SPIDER RIGGING FOR CRAPPIE   1 comment

Reedy crappie from rend lake

Jim Reedy displays nice Rend Lake Crappie

Perhaps one of the most important factors of winter crappie fishing is to know just how deep the fish are. Depth is particularly important in cold when the crappies are less likely to move around. Using electronics we found the big fish down 40 feet and relating to logs or boulders.

Jim and Barb Reedy employ a technique called Spider Rigging. It is a team effort all the way. Jim runs the trolling motor, watching for fish on the locater as well as catching and netting fish. Barb retrieves 14-foot poles from a rack in the stern and passes them to Jim in the bow. She also places caught fish in the livewell and as passes minnows to Jim as needed. Both are responsible for their own poles when it comes to catching fish.

Spider fishing us basically jig fishing with the long poles. Brackets mounted on the front of the boat hold multiple poles. These brackets can also be on the back. Fishing from the front is spider rigging and from the back it is long lining.

Each pole has two hooks on 6-pound Hi Vis line. Pre-rigged minnow rigs have a hook at the end of the line, with ½ ounce egg sinker 8-inches above it. Twenty-two inches above the sinker is a three-way swivel. One eye of the swivel ties to the main line going back to the pole. The other has a 9-inch line with a hook at the end. Both hooks have a minnow as bait.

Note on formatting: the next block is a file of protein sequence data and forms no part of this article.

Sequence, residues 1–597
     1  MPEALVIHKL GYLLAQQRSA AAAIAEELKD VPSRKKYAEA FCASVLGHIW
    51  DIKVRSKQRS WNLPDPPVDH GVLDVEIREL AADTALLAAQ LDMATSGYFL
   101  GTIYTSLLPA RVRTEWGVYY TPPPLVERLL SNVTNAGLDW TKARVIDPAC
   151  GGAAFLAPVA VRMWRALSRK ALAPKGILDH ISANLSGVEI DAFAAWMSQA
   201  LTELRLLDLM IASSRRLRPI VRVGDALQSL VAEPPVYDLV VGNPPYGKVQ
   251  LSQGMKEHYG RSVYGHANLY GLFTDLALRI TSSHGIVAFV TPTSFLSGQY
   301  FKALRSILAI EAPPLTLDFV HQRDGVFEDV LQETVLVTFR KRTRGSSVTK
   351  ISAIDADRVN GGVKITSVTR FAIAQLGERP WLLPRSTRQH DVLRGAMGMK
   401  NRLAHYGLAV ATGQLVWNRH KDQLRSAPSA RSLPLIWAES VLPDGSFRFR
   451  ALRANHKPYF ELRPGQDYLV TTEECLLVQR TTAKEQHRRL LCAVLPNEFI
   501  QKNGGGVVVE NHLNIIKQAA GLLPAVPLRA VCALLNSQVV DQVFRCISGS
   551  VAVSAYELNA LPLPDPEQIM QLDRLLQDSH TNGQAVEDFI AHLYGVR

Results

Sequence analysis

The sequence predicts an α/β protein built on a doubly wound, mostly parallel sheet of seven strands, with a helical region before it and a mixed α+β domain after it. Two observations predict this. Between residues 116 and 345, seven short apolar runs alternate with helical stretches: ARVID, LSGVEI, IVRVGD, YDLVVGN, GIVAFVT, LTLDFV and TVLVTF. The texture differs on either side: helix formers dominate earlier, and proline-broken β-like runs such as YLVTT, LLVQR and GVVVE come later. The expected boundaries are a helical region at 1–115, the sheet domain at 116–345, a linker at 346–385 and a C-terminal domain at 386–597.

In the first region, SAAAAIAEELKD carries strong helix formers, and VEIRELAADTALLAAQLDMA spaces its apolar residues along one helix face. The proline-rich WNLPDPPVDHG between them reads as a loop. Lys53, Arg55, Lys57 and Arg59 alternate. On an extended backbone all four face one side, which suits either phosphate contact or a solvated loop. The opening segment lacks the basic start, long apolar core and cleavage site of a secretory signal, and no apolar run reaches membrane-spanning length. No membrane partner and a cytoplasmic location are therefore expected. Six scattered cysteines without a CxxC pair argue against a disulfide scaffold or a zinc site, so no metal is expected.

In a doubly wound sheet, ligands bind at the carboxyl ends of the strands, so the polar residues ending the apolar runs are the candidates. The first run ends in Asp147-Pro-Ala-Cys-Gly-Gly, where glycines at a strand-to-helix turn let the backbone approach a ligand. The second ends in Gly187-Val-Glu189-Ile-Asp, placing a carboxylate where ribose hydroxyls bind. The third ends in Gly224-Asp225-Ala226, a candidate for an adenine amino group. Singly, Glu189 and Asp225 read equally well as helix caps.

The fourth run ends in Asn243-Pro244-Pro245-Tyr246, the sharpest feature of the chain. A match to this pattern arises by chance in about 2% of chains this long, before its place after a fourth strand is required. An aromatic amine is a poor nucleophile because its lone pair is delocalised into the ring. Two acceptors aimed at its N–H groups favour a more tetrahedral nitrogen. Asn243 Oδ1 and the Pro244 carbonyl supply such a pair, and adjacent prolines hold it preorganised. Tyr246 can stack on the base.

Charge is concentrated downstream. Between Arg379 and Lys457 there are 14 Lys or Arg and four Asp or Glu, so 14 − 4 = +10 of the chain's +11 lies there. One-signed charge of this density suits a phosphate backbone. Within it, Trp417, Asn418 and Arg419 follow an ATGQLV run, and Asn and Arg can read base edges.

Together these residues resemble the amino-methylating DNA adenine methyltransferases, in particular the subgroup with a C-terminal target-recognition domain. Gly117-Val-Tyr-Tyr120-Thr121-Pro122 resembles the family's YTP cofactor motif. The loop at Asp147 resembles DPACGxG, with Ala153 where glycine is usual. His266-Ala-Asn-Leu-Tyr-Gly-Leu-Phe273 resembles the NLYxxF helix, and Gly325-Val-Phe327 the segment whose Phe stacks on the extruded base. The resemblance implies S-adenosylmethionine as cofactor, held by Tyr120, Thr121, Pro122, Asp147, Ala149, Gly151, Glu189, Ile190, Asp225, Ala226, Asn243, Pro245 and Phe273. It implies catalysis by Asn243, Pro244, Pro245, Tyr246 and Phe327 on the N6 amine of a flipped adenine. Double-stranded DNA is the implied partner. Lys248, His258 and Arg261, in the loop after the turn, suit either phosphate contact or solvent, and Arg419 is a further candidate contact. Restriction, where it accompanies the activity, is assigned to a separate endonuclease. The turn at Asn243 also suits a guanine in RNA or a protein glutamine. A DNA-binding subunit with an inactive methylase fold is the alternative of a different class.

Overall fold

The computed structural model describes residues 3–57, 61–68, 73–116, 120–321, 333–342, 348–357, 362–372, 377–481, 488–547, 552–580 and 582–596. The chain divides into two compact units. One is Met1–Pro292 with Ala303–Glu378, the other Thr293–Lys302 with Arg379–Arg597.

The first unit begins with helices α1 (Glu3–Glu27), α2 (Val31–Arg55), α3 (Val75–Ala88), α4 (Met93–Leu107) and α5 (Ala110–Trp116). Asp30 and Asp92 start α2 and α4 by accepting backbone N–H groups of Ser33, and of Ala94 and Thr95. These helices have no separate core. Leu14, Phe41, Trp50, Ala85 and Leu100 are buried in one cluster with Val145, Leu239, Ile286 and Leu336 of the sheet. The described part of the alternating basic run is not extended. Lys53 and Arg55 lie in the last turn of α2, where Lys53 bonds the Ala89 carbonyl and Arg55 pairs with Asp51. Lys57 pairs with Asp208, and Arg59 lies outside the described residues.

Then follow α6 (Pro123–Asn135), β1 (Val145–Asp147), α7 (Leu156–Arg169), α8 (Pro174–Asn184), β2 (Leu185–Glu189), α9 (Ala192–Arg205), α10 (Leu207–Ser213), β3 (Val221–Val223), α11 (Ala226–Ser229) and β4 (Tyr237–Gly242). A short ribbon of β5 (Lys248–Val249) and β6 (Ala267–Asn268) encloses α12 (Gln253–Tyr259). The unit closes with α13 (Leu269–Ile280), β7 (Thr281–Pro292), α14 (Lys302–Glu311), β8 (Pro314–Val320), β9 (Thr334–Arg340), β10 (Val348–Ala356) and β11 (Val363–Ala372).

Each rod is set at a different depth from one foot off the bottom and in one foot increments up from there. The anglers slowly troll over submerged boulders and other structure approaching from the downwind side. They explore each location both on the sides and top. Once fish of the desired size take the offerings they adjust the other rods to the same depth as the one producing results.

Once a fish is on a hook it is important to maintain pressure and not drop the tip of the rod. It will produce slack in the line. Slack line allows fish to escape. Net larger fish in a dip net once they surface to avoid loss due to broken line.

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One response to “SPIDER RIGGING FOR CRAPPIE

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  1. Pingback: SPIDER RIGGING FOR CRAPPIE | Don Gasaway's Blog

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